It is not knowledge, but the act of learning, not possession but the act of getting there, which grants the greatest enjoyment.
Carl Friedrich Gauss
One of the interesting aspects of collecting minerals is trying to find two minerals where radicals (an atom or molecule [usually the case in mineralogy] with an odd number of electrons) are able to substitute for each other in the chemical formula and create new species. Radicals are highly reactive since they are always looking around for something to bond with (not unlike many high school boys I knew) since they have a free electron wandering around in orbit. This free wanderer wants to meet up with an atom looking to obtain an electron in order to stabilize.
Three of the more interesting radicals are PO4, VO4, and AsO4 (phosphorus, vanadium and arsenic combined with oxygen) and are usually organized as the Phosphate Class. All radicals operate as anions and have a negative charge of -3. Therefore, they easily (I think) combine with metallic cations with a positive charge. The resulting minerals are termed the Phosphates, Vanadates, and the Arsenates and all are important in the mineral world. For example, the mineral apatite (with its many descriptive terms) is the backbone of vertebrate teeth and bones. In addition, vanadinite with the red barrel-shaped crystals, and all of the colorful arsenates (like the pink erythrite), are eagerly sought by mineral collectors.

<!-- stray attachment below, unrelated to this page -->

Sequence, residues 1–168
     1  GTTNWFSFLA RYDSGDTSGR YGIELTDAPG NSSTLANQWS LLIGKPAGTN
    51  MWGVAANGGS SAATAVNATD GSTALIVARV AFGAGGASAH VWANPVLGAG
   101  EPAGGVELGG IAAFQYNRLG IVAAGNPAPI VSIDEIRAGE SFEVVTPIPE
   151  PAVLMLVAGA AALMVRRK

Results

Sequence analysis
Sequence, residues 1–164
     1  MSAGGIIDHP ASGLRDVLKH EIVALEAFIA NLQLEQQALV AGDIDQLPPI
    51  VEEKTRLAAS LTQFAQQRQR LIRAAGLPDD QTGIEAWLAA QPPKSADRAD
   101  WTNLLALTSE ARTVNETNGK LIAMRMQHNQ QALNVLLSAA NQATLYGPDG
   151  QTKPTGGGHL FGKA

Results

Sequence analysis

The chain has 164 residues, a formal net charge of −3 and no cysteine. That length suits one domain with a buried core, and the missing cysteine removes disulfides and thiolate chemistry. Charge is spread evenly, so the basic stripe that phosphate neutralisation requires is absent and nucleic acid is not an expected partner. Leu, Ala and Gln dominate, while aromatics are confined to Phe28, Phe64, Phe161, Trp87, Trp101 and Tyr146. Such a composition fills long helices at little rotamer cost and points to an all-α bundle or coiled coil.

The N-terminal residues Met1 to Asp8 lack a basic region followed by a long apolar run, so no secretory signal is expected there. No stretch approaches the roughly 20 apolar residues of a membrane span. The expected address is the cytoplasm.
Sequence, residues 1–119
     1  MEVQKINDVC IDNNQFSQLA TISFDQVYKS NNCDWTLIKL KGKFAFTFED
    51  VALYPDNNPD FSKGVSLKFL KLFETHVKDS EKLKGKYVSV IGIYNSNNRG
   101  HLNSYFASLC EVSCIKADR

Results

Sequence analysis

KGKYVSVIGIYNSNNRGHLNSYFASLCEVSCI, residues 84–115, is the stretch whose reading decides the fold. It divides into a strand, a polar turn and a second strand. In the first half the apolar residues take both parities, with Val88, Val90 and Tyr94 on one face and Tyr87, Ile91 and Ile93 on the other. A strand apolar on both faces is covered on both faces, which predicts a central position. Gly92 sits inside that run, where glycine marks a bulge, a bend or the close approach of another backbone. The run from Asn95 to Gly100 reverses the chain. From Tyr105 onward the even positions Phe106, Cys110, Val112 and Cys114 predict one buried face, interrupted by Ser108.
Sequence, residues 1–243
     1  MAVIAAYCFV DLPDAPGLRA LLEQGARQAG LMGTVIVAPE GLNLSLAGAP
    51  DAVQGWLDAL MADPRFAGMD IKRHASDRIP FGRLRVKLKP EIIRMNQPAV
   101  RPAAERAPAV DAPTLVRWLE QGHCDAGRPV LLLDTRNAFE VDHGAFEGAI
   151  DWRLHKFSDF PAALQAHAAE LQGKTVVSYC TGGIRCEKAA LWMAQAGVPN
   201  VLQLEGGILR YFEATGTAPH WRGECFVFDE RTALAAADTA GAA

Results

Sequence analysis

The arsenate, phosphate and vanadate radicals are of similar size and Jones (2011) noted that solid solution series commonly exist between these radicals with both end members and intermediate members between the arsenate and vanadate radicals and the phosphate and arsenate radicals. There are no intermediate members between the vanadate and phosphate end members. This is an interesting situation since in most solid solution series the substitutions are made by the positively charged cations.
At the 2016 Tucson show I was able to pick up a nice arsenate, lavendulan [NaCaCu5(AsO4)4Cl-5H2O], a hydrated copper arsenate that forms as a secondary mineral in “oxidized zones of some copper deposits” (MinDat). The specimen appears as sort of a crust of intense electric blue on the matrix. However, on closer examination under high power one can observe the crust is composed of very tiny aggregates of thin platy crystals, some of which form rosettes. An older label indicates collection at El Guanaco Mine, Santa Catalina, Antofagasta Province, Chile, where MinDat noted 31 valid minerals and two type localities. At the mine copper and gold veins are emplaced in Upper Cretaceous and Paleocene volcanic sequences. I presume, but am uncertain, that both the copper and the arsenic could be the result of oxidation of the primary mineral enargite [Cu3AsS4].
I also have in my collection a small sample of sampleite (a hydrated copper phosphate) that was picked up at the Denver Show. Now this particular mineral is the phosphate analogue of lavendulan—note the phosphate radical: NaCaCu5(PO4)4Cl-5H2O. As noted above, the similar size of the radicals allows substitution of the phosphate radical for the arsenate radical.